Analysis Chapters 1-8
Narrative and Point of View
Although the narrator is an adult looking back at her childhood, the perspective is limited to what she saw and felt at that time. Scout the 6-year-old often does not understand the full meaning of what she observes, and her childlike perceptions are frequently a source of humor, as when she says of her father, “Atticus was feeble. He was nearly fifty.” Yet even in this instance, the narrator does not confine her vocabulary to that of a child. Here is another example of how the narrator recalls childhood events with an adult vocabulary: “I wasn’t sure what Jem resented most, but I took umbrage at Mrs. Dubose’s assessment of the family’s mental hygiene.”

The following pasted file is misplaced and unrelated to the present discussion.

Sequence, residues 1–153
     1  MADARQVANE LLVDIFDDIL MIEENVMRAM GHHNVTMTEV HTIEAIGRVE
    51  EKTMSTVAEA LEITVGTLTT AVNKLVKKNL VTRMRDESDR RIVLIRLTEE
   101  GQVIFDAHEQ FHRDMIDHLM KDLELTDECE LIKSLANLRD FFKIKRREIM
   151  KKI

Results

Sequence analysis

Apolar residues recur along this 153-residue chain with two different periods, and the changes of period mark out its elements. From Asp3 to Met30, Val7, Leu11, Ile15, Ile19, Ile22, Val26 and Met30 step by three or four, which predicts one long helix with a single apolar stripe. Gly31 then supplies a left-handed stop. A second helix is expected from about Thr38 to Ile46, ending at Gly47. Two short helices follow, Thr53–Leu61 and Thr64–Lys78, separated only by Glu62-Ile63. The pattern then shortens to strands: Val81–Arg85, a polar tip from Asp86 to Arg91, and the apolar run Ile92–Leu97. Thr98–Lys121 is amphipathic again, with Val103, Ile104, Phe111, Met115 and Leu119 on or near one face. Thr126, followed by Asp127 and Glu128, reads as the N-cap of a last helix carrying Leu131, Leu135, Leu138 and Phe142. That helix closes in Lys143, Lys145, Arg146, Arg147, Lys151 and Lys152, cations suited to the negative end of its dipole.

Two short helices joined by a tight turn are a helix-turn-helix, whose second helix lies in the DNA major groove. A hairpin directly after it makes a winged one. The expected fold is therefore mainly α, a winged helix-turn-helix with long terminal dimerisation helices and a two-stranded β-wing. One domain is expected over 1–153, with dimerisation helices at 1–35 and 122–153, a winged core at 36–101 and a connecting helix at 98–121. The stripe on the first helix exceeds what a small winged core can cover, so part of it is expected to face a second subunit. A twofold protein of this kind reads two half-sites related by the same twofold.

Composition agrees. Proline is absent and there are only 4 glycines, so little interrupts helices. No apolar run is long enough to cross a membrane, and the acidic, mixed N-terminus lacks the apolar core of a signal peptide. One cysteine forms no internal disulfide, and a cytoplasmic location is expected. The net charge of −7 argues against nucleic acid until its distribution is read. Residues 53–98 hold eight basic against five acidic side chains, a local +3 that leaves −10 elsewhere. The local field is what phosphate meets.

I asked the students if our memories change as they are filtered through the lens of our later experiences. The consensus was "yes."